MLB: Yankees' Phil Hughes earns first win

May 2, 2007

20-year-old pitching phenom Phil Hughes cruised through hitters in just his second start for the New York Yankees, but the end result created even more frustration for the organization and fans everywhere.

Hughes retired 19 Texas Rangers without allowing a hit on Tuesday at the Rangers Ballpark in Arlington. Established big league stars such as Kenny Lofton, Mark Teixeira and Michael Young could not solve the youngster's blazing fastball or sharply biting curve. Hughes was on the verge of history. Even as his pitch count rose, the Yankees allowed him to keep firing. "He was fine," manager Joe Torre said of the 2004 first round draft pick. "We were going to allow him to go 100 pitches last time, so I didn't think that would be a problem."

Just when the Yankees thought they found an answer to their early struggles, the organization was treated to an agonizing sight. After Teixeira fouled off an 0-2 pitch with one out in the sixth inning, Hughes grabbed his leg, having suffered a hamstring injury. His no-hit bid ended there (Texas would break up the no-hitter in the eighth inning off reliever Mike Myers), though he did earn his first big league win in a 10-1 Yankee romp over Texas. He walked off the mound under his own power, but will reportedly miss 4-6 weeks.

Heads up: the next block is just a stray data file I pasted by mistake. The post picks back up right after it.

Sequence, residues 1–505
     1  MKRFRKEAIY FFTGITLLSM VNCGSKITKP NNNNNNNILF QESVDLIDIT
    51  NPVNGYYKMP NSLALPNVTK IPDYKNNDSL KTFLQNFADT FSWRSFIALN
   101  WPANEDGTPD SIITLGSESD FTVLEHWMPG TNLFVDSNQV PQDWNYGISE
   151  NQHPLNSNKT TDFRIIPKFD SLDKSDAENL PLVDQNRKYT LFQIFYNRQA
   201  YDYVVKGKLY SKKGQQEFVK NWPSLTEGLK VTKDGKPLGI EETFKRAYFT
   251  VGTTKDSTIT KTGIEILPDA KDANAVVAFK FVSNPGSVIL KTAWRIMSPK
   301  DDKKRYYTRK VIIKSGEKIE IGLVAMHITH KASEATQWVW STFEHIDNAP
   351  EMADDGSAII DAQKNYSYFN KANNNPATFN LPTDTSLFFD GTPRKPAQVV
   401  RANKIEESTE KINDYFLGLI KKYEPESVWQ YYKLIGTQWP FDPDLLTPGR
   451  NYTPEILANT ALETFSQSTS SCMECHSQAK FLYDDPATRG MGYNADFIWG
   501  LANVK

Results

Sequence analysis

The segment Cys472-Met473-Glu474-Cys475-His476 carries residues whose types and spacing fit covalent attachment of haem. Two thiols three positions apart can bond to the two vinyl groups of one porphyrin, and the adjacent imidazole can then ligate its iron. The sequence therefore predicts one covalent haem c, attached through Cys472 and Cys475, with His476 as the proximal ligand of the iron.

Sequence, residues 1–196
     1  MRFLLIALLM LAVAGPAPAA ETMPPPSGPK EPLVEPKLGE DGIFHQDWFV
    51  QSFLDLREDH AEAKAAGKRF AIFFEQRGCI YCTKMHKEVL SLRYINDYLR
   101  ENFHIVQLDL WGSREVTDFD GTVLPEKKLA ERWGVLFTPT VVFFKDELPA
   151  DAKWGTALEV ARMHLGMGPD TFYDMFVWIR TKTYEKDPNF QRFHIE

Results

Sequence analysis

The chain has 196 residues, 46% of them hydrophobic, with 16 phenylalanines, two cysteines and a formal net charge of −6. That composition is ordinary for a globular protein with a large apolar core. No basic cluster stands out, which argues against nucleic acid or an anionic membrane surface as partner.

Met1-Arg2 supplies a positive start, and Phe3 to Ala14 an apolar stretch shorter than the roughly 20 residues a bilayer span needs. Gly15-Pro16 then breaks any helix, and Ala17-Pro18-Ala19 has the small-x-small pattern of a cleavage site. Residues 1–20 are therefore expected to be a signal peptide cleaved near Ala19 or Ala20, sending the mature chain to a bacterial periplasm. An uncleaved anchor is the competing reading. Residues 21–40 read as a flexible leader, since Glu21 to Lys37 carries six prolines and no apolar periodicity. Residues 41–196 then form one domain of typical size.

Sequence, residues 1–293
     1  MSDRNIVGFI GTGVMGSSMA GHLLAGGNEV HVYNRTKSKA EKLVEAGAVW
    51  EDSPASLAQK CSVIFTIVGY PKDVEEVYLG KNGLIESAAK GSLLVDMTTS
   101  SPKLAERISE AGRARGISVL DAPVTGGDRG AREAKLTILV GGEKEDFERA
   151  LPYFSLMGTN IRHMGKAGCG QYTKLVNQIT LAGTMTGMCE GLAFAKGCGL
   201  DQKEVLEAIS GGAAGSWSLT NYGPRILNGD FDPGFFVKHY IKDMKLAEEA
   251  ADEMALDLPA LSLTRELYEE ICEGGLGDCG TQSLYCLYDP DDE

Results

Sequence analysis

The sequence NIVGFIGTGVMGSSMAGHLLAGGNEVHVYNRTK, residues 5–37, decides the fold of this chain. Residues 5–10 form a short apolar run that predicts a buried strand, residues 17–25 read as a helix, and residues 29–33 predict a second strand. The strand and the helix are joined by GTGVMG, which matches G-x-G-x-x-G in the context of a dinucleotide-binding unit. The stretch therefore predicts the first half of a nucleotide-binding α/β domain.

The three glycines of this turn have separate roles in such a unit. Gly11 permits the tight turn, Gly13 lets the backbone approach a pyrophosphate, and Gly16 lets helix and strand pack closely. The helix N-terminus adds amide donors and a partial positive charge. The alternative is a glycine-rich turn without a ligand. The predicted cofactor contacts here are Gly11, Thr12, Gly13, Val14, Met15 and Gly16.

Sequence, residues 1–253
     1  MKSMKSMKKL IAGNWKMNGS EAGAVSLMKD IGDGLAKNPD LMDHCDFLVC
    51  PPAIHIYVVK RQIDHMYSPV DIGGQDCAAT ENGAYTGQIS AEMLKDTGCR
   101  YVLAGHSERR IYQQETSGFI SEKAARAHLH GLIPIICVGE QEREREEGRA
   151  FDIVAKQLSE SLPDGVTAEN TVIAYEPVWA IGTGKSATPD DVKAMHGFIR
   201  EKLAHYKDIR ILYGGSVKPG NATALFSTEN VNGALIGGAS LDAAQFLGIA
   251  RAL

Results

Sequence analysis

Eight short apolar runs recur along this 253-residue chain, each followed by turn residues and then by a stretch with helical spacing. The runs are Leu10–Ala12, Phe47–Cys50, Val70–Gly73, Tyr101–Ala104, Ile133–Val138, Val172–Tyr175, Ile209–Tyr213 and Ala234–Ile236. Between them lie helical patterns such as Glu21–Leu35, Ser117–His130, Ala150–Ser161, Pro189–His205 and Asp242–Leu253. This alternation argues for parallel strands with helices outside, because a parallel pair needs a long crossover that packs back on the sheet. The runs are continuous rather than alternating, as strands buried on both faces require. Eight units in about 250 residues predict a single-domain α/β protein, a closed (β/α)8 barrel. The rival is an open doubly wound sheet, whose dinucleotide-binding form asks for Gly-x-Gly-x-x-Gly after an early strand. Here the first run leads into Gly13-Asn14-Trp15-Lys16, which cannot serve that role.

Hughes voiced his frustration afterwards: "It's tough. It puts a damper on the whole thing." He added, "I'm at a point now where our rotation really needs it," referring to his presence on the New York pitching staff. Several Yankees have already voiced their excitement for the righthander's chances in the big leagues. For his part, Yankees star Jason Giambi compared him to Roger Clemens during Spring Training: "He looks like a young Rocket."

The Yankees are currently just 10-14, thanks in large part to injuries that have befallen pitchers Chien-Ming Wang, Mike Mussina, Carl Pavano and Jeff Karstens. In a related story from today, the Yankees fired strength and conditioning coach Marty Miller. Reportedly, this was out of general manager Brian Cashman's concern for the alarming number of hamstring injuries so far this season.